Nanotechnology

Photoinjection shot

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May 25, 2023

(Nanowerk News) The laser pulse hits the electrons in the solid. If it receives enough energy from the light waves, it can then move freely through solid objects. This phenomenon, which scientists have been exploring since the dawn of quantum mechanics, is called photoinjection. There are still open questions about how the relevant processes unfold in time. Laser physicists from the LMU attoworld team and the Max Planck Institute of Quantum Optics have now made first-hand observations of how the optical properties of silicon and silicon dioxide evolve during the first few femtoseconds (millionths of a billionth of a second) after photoinjection with a strong laser pulse.

The team published their findings in (Natural, “Solid dynamic optical response following 1-fs scale photoinjection”). laser setup for attosecond experiment Laser physicist Dmitry Zimin, first author of the study, on setting up a laser for an atthosecond experiment. (Image: Fazio Guiseppe)

The physics of photoinjection is relatively simple in terms of the photoelectric effect described by Albert Einstein. Here, an electron absorbs a photon that has enough energy to free the electron from the potential that limits its motion. It gets complicated when none of the photons in the light wave have enough energy to do so. In this case, bound electrons can become free by absorbing more than one photon at a time or by quantum tunneling. This is a nonlinear process that is only effective when the electric field is strong, meaning only the central part of the laser pulse can efficiently drive it.

With the tools of atthodetic science, it is possible to generate a large proportion of charge carriers in one and a half cycles of a light pulse, increasing the conductivity of solids by an order of magnitude in only a few femtoseconds. Laser physicists from the attoworld team at LMU and the Max Planck Institute of Quantum Optics have investigated how quickly solids change their optical properties after ultrafast photoinjection. To do so, they sent two multiple-cycle pulses through the thin sample: an intense pump pulse that creates charge carriers and a weak test pulse that interacts with them.

Since photoinjection is limited to time intervals shorter than the half cycle of the test field, it is possible to observe how the charge carriers interact with the test field during the first femtosecond after their emergence. This information is encoded in a distortion printed by photoinjection of the time-dependent electric field of the test pulse. The scientists measured this distortion using a new technique for optical field sampling, and they repeated their measurements for the multitude of delays between the two pulses.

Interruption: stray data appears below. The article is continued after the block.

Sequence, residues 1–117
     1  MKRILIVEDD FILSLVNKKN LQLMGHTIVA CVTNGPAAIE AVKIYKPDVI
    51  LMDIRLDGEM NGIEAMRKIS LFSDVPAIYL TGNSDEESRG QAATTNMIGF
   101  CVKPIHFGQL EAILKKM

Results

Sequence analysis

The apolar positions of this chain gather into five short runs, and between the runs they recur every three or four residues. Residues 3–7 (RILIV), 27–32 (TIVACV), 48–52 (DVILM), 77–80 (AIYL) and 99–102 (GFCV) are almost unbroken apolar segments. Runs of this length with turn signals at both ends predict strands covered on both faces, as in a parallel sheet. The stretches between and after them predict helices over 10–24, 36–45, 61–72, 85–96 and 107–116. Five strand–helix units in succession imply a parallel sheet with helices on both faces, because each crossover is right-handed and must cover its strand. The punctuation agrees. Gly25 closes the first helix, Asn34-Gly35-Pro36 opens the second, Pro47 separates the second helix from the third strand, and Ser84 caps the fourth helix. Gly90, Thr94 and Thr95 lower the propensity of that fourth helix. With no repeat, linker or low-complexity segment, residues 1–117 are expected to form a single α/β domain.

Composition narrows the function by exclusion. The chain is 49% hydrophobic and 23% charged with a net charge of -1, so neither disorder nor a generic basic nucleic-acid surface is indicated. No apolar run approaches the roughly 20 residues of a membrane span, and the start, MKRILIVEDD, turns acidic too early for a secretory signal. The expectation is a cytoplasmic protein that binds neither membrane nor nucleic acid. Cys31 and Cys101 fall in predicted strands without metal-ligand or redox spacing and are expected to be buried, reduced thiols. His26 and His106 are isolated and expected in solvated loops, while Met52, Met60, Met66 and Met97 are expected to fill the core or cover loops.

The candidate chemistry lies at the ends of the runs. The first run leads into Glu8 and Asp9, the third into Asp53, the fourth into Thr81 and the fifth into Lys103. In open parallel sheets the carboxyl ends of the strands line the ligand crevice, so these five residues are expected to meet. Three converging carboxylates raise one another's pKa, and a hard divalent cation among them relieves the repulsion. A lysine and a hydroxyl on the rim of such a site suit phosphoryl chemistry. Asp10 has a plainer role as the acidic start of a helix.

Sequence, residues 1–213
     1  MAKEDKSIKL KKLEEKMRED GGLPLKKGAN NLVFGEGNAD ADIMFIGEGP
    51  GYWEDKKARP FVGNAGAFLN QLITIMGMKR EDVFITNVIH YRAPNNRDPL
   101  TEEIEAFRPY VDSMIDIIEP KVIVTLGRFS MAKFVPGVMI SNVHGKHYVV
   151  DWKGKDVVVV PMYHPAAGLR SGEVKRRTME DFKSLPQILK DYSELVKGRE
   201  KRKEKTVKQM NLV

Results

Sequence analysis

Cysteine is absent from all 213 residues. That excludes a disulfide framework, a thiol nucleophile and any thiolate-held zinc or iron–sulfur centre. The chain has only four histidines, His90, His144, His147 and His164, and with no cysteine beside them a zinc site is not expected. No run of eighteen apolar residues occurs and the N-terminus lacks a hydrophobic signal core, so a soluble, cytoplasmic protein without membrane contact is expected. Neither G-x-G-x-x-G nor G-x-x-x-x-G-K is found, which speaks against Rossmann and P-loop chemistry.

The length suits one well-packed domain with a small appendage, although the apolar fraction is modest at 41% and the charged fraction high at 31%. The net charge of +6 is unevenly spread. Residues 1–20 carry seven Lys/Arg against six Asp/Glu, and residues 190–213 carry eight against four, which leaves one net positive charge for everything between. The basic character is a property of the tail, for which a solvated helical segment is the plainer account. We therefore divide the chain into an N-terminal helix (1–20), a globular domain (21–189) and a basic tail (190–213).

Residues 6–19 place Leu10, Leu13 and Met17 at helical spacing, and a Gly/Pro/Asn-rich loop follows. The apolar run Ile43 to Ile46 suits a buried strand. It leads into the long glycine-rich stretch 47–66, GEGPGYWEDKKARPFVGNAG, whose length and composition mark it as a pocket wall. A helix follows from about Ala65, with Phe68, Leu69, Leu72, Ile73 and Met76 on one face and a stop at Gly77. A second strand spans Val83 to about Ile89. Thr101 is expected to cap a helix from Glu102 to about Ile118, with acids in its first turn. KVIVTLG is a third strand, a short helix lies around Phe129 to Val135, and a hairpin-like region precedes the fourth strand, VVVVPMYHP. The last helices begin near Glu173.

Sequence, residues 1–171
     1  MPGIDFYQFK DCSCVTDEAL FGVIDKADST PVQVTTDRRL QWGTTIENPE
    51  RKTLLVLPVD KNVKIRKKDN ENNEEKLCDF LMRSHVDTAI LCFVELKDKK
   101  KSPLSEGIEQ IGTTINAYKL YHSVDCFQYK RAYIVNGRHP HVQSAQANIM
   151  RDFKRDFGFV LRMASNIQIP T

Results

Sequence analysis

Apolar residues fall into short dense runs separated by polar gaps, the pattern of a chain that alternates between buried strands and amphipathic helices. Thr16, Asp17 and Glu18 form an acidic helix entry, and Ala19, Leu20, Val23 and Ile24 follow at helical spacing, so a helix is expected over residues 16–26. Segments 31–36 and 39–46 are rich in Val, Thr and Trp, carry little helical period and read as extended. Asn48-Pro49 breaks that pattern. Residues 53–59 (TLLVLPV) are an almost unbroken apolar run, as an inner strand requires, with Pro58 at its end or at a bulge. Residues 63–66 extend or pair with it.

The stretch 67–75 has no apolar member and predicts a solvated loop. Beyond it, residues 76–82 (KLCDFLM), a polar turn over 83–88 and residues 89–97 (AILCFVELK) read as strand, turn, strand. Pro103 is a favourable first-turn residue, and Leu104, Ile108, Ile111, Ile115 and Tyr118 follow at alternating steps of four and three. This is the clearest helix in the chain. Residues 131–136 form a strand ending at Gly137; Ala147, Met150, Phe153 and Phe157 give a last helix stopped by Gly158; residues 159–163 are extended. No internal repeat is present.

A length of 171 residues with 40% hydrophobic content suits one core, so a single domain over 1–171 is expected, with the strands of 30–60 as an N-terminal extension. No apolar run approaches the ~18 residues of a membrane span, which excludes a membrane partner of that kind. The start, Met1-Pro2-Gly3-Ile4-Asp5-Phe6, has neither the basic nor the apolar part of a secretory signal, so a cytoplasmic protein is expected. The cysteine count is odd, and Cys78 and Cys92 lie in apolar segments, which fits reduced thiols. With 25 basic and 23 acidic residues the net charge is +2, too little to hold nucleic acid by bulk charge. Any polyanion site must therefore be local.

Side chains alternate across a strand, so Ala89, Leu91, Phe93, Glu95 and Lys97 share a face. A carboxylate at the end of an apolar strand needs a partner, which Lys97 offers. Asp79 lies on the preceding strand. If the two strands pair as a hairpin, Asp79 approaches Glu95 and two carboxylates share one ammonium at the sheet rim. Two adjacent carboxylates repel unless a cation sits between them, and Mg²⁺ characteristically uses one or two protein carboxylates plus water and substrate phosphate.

An innovative technique for optically resolved pump probe measurement now gives the attoworld team direct access to light-driven electrical currents during and after photo injection. “The most important result is that we now know how to conduct and analyze the experiment and that we are actually seeing light-driven electron motion as never before,” said Vladislav Yakovlev, the study’s final author. “We were surprised to see no clear signs of quasiparticle formation,” Yakovlev further explained. “This means that, in this particular measurement, multi-body physics measurements don’t have much influence on how the conductivity of the medium builds up after photoinjection, but we may see some finer physics in the future.”

All modern electronics are based on controlling the flow of charge carriers by rapidly increasing and decreasing their ability to move through a circuit. The attoworld team’s research is all about reaching the ultimate speed limit of this control using light. These new findings could eventually help achieve future signal processing in the petahertz range, enabling what electronics call light waves. That would speed up today’s electronics by about 100,000 times. “I would argue that we have just scratched the surface of what measurements completed with pump probes can do. Armed with our experience and insight, other researchers can now use our approach to answer their questions,” Yakovlev believes.



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